We note initially that the "best evidence" rule has nothing to do with evidence generally, but is restricted to writings alone. OCGA § 24-5-4; Willingham v. State, 134 Ga. App. 603, 606 (3) ( 215 S.E.2d 521) (1975); Rutledge v. State, 152 Ga. App. 755, 759 (4) ( 264 S.E.2d 244) (1979). Thus, the best evidence rule was not applicable to the tape recording of appellant's statement. Rather, the tape was primary evidence and the written transcript was secondary evidence which, from necessity in some cases, is substituted for stronger and better proof. OCGA § 24-5-1. "Cases of necessity or manifest convenience, resting on principles of reason and justice, may be made exceptions to the general rule requiring the production of primary evidence. OCGA § 24-5-3. We find the instant case to be one falling within the exception just quoted. The tape itself would have been inaudible to the jury without the use of special equipment which was not readily available. A proper foundation for admissibility of the transcript of the tape had been laid, including testimony as to its accuracy and authenticity. Thus, whether considered a matter of necessity or convenience to avoid delaying the trial, we find the transcript was admissible as an exception to the general rule requiring the use of primary evidence, and it was not error to have the typed transcript of appellant's statement read into the record. Cash v. State, 166 Ga. App. 835-836 (3) ( 305 S.E.2d 618) (1983). Cf. White v. State, 163 Ga. App. 179, 180 (2) ( 292 S.E.2d 875) (1982).
3. In his last two enumerations of error appellant asserts that the evidence is not sufficient to support his conviction of theft by taking and that the trial court erred by denying appellant's motion for a directed verdict of acquittal. He argues that there was no evidence to support his conviction of theft by taking because the State established only that he was present at the scene, and mere presence at the scene of a crime is not sufficient to support a conviction. While that is a correct statement of the law, Shirley v. State, 166 Ga. App. 456, 457 (1) ( 304 S.E.2d 468) (1983), there was more than mere presence to connect appellant with the automobile theft, as we discussed in Division 1. While each of the facts connecting appellant to the theft, taken separately, might not be sufficient to show appellant's role as an aider and abettor to the theft, taken as a whole such evidence is sufficient to support the verdict of the jury. "To sustain a conviction based upon circumstantial evidence, every inference except the guilt of the accused need not be excluded, but only reasonable inferences so as to justify the inference of guilt beyond a reasonable doubt." Brockington v. State, 152 Ga. App. 11, 13 (2) ( 262 S.E.2d 170) (1979). Whether every reasonable hypothesis except that of guilt of the defendant has been excluded is a question for the jury. Jones v. State, 165 Ga. App. 36, 38 (1) ( 299 S.E.2d 576) (1983). We find the evidence as to theft by taking an automobile sufficient to meet the standard of proof required by Jackson v. Virginia, 443 U.S. 307 (99 SC 2781, 61 L.Ed.2d 560) (1979).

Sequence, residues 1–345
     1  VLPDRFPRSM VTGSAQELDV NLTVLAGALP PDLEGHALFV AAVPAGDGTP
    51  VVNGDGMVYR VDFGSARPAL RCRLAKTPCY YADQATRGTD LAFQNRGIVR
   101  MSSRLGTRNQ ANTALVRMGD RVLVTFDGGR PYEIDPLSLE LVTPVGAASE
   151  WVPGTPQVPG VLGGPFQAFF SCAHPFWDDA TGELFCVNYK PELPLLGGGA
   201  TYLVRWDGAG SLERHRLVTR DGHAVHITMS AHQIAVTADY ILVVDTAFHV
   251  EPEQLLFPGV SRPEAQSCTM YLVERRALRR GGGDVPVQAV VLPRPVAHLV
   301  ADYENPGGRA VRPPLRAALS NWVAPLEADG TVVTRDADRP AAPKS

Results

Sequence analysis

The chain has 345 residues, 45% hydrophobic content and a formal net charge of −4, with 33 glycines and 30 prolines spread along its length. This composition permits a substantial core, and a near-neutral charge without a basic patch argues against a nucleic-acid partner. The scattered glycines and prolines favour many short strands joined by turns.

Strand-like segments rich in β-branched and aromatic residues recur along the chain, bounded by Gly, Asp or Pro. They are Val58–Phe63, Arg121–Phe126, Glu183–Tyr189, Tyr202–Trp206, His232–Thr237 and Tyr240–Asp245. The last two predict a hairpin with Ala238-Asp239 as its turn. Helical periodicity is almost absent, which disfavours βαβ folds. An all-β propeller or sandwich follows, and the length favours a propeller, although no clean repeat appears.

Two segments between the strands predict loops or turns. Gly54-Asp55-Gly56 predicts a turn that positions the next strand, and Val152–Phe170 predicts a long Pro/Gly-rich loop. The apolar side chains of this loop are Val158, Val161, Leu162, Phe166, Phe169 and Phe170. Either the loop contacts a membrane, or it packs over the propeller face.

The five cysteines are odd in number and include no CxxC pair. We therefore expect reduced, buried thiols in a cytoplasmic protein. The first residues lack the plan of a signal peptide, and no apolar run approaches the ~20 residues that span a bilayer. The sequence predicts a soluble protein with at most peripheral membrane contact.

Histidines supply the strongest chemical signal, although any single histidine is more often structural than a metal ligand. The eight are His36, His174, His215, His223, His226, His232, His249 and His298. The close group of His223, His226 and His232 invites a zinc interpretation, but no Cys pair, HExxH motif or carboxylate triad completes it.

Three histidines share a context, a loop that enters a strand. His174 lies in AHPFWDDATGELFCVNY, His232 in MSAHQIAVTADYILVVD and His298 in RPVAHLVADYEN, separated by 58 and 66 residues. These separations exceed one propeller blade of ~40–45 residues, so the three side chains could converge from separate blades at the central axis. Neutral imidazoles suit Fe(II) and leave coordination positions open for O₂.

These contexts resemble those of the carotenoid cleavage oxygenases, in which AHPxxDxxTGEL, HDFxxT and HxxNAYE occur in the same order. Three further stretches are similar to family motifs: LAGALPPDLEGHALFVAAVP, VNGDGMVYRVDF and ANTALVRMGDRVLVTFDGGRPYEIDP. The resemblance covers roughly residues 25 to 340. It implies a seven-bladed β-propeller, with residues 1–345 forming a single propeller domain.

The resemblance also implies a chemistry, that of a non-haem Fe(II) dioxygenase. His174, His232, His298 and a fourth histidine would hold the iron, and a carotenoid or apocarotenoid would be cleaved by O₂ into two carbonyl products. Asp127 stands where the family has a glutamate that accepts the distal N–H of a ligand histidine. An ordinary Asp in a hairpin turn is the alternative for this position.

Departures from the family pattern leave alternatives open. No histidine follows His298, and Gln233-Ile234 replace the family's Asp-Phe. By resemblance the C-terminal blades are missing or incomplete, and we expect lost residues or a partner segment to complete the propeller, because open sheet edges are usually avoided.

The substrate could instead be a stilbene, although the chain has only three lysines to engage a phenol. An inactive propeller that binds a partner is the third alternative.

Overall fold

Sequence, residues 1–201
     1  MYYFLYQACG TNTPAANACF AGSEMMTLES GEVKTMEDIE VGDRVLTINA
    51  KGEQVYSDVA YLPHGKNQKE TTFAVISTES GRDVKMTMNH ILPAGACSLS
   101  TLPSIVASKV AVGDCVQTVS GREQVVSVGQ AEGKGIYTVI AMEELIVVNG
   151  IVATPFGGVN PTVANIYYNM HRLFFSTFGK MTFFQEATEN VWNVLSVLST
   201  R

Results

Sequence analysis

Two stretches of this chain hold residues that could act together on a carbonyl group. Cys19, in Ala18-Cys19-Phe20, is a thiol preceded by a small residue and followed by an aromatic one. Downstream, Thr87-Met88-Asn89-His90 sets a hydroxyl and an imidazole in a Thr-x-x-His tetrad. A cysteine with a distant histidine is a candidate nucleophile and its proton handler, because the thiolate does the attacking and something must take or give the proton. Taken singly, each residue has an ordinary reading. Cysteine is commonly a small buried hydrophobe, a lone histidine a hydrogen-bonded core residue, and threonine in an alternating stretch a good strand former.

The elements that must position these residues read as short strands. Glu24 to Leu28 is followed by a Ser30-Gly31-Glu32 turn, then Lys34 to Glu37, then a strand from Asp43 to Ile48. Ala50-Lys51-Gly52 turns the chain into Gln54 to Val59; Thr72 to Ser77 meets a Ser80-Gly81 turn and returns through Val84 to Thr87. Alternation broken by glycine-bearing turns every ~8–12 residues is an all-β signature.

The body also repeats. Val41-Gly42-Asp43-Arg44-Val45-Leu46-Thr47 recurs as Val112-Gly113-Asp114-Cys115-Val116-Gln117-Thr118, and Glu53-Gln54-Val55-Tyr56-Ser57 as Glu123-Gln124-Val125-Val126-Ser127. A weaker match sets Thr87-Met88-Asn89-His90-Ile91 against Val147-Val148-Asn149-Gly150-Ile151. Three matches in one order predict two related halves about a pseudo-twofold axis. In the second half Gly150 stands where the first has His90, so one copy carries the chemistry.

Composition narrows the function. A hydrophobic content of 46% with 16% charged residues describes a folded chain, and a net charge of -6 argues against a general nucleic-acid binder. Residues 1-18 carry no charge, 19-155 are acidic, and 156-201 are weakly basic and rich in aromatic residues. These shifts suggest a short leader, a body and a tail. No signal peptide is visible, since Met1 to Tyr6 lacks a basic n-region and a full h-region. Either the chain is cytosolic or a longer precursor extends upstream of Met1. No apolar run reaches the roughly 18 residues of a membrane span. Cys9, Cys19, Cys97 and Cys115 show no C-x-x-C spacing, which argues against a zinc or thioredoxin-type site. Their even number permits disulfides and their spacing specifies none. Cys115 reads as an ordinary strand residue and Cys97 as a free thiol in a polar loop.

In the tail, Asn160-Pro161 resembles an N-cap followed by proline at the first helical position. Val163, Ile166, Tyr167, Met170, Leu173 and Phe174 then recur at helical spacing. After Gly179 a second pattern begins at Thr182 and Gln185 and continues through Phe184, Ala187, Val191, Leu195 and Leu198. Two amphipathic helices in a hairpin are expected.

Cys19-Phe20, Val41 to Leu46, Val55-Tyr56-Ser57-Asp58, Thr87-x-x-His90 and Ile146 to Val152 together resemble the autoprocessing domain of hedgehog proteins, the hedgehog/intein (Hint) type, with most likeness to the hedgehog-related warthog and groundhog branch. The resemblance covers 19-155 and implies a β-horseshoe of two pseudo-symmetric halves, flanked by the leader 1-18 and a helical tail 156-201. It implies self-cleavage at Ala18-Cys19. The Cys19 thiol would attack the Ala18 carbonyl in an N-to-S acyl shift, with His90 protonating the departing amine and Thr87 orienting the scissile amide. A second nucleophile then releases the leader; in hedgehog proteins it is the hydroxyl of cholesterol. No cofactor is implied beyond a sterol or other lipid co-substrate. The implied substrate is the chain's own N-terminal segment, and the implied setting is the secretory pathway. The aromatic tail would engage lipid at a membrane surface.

In regard to appellant's motion for a directed verdict of acquittal as to the theft charge and the charge of terroristic threats, appellant's only argument is that his threats were just "big talk." However, the record discloses that the officers took the threats seriously, and the question of criminal intention is for the jury, not the court. Jerome v. State, 143 Ga. App. 649 ( 239 S.E.2d 541) (1977); Brewer v. State, 156 Ga. App. 468 (1) ( 274 S.E.2d 817) (1980). Thus, we find the evidence of terroristic threats sufficient to meet the Jackson v. Virginia, supra, standard of proof.
Since the evidence was sufficient to support the convictions, it was not error to deny appellant's motion for a directed verdict of acquittal. Humphrey v. State, 252 Ga. 525, 527 (1) ( 314 S.E.2d 436) (1984).
Judgment affirmed. McMurray, P. J., concurs. Beasley, J., concurs in Divisions 1 and 3 and in the judgment only in Division 2.